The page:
I’ve known a few individuals who’ve come back from major leg injuries where the doctors said they’d never be able to do martial arts again. The willpower, patience, and work they put into their recovery was monstrous. They really loved what they did. That love was their foundation, their foundation fueled their efforts and kept them from giving up. There are going to be times when the frustration sets in, when the climb feels impossible, where your body is not fixing itself fast enough to satisfy what you want, where you’ll want to throw in the towel, and the question you need to answer as a writer is, “what keeps your character coming back? What is the source of their motivation?”

To be at the top is not easy. Most people who don’t heavily engage in the world of sports, or martial arts, or martial combat, don’t really grasp how stiff the competition is. Or how hard it is to defend the seat once you’re there. Outside of true story sport’s narratives, many characters lack convincing motivation. “I don’t want to die” only gets you so far, and “I want to protect my friends” again only gets you so far. Those are the motivations of the mediocre, and, in most situations, mediocre is enough.

However, that’s not the motivation of the person who arrives first and leaves last. The person who always shows up, rain or shine. The person who sacrifices time with friends and family, the person who skips out on dates to train, the person who makes their training their life. The ones for whom their training is their life are the only ones who come back from extreme injuries because they find the motivation to go through the agony of starting over.

Recovery can take years, usually recovery from a major injury takes at least half a year and then, once you start training, there’s the three to four months (or more) of pushing yourself to return to the previous level.

For reference, when I was twelve, I broke my leg. I broke my leg in the fall and wasn’t able to get back into martial arts training until late spring, and even then, the order from the doctor was, “no jumping until June.” I went from no pressure allowed, to supported pressure with crutches, to walking, then running, and then finally jumping.

If you’re really interested in writing a character going through recovery after a major injury, I actually recommend watching the (admittedly sometimes cheesy) true story sports movies. They’ll cover everything, from the grieving period to the difficulties in recovery, to the points where it gets too hard and the character wants to stop, to when they finally get back into sync and come out stronger. Sometimes, they skate over some details but it is a realistic progression from one to the next in the cycle.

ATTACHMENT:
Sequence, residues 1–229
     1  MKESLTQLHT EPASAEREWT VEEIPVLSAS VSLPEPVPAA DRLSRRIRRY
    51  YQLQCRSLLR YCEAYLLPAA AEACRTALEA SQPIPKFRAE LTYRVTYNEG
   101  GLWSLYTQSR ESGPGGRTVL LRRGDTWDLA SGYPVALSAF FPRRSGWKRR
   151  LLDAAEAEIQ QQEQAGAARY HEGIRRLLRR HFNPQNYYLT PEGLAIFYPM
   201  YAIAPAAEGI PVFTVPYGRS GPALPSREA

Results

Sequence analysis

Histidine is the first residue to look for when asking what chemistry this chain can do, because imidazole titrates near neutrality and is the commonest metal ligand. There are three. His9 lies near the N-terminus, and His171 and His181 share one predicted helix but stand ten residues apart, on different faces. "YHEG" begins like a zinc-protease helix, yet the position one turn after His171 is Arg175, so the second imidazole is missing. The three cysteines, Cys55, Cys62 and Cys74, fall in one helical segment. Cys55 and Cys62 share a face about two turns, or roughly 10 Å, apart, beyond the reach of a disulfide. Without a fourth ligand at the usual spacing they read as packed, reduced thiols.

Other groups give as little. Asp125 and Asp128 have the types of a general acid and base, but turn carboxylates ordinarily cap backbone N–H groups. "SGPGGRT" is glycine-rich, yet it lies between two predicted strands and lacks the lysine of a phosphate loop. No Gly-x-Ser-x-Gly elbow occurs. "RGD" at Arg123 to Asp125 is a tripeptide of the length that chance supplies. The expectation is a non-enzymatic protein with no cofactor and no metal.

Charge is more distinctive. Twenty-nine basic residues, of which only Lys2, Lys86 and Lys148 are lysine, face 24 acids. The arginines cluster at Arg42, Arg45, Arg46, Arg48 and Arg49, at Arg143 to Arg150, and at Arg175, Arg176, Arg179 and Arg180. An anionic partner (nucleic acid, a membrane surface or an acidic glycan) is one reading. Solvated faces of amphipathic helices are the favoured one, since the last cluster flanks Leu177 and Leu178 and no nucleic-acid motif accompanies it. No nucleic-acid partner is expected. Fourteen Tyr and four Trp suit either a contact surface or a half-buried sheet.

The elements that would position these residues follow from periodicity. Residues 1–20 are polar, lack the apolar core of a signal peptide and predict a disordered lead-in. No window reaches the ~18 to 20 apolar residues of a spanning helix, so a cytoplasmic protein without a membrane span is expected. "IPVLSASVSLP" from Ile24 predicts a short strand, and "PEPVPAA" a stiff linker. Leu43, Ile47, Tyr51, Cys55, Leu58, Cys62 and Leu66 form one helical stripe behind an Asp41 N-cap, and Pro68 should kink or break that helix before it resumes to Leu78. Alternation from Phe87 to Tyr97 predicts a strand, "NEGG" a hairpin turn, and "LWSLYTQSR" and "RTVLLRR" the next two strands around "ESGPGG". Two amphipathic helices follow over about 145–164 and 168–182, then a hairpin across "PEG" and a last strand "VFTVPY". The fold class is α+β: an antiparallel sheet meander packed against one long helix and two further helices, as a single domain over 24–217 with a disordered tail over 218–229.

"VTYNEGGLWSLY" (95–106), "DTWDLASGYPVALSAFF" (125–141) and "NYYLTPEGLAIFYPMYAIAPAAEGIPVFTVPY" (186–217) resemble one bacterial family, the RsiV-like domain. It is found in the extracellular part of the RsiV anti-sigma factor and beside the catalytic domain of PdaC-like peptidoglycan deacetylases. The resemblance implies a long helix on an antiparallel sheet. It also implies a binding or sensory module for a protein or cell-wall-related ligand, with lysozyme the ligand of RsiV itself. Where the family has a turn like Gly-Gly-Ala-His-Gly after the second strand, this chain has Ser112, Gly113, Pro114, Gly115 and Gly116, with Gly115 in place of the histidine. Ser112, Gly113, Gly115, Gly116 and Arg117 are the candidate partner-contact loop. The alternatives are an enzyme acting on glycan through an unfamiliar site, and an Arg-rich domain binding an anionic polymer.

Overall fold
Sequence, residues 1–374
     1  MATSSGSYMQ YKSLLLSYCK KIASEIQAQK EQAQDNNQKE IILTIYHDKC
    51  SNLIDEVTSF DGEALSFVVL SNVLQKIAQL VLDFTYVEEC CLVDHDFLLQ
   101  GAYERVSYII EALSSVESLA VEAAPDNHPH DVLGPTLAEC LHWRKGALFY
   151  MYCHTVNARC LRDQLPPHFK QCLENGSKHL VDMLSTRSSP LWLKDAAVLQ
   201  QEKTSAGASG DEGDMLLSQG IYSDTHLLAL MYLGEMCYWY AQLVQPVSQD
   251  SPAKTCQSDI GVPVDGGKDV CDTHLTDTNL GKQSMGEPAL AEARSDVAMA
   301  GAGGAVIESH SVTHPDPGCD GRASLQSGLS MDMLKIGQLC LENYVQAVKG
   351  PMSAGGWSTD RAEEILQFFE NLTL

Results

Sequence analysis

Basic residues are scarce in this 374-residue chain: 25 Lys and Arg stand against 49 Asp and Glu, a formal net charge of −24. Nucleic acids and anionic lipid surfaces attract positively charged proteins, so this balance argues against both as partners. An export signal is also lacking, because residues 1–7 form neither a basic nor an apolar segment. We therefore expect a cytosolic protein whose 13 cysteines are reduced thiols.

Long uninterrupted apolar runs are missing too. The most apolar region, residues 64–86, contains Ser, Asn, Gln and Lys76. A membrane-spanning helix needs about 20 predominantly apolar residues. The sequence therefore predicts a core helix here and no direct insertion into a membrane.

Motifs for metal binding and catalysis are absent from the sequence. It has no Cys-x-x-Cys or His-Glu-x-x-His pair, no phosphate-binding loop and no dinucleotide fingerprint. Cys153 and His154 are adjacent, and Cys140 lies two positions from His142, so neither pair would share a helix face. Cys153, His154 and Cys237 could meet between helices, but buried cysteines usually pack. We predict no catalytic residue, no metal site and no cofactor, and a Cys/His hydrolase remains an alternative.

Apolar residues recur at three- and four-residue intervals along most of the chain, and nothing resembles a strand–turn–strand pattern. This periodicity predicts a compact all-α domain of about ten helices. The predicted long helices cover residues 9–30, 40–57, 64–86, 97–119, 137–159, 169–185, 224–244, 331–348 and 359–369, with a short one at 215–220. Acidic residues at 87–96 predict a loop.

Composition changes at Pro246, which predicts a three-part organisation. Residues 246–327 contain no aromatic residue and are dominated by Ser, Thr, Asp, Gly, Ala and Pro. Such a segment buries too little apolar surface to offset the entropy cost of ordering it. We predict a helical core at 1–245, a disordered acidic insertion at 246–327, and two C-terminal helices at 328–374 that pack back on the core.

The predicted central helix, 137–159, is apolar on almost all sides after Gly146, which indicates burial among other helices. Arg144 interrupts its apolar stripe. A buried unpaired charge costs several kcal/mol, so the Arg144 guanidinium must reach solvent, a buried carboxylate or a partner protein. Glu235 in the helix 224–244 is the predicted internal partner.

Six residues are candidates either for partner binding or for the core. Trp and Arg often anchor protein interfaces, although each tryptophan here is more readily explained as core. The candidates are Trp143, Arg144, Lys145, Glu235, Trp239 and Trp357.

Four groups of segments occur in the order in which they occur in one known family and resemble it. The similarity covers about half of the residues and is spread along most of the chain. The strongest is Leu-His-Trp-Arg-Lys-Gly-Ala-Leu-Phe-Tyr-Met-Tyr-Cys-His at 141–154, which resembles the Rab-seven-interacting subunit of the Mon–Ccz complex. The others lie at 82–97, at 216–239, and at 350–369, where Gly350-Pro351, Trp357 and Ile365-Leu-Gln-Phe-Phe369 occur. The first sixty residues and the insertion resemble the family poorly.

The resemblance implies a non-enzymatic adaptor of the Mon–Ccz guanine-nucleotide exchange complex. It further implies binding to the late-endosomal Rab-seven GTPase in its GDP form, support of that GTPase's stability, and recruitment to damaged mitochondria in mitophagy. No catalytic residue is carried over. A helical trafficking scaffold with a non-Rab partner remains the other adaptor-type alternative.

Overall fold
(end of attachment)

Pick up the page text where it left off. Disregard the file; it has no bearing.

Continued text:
It’d be a good reference point for you.

Never forget mental fortitude when you’re writing a combat character. Willpower is their true strength, and it can be easy to forget when you’re distracted by physicality. The unwillingness to give up in the face of impossible odds. The faith they have in their own abilities to push through, even after that faith has been shaken.

It can be hard to get into that mindset, especially if you’ve never experienced a major injury (even if you’re not in sports) or been a martial artist/invested in physical training of any kind. You can do it though, but you’ll need to do a lot of research. In this case, sports movies where the character experiences a major injury and biographies/autobiographies written by sports professionals documenting their own recoveries are going to be key. You can then apply that structure to your writing, the crossover is really in the conditioning. If you really need it to be martial, there are a couple of war movies and boxing movies which cover similar material. This is well-documented, you just need to find the sources.

Once you have the framework and the arc, you can apply it to your story. The basic steps are fairly simple and can be molded into any narrative and setting.

-Michi

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Q&A: Pay Attention

Anonymous said to howtofightwrite: I see on this blog a lot of important self-defense lessons include avoiding sketchy situations, places, or people. However, a lot of women have been attacked by dates, friends, bosses, family members. Why does so much of self-defense seem to focus on potentially defending yourself against some mugger or, basically, a stranger and act like you won’t ever have to use your self-defense if you stay alert? How do you stay ‘on’ around your father or husband? Unless I am mistaken about this.

You are mistaken about this.

1) We’ve said multiple times that this blog is not a self-defense blog and it cannot teach you self-defense. No internet blog can. No post on the internet can. No pictures can. You can’t learn self-defense from a video or a gif.

You need a real class, or a real school that can actually physically instruct you because all articles on the internet do is… not much, actually. You need to train with professionals.

2) The people who have this perspective? They’re the people who aren’t in the community and who haven’t actually ever taken a self-defense class. So, you are trying to make a point about something you know nothing about.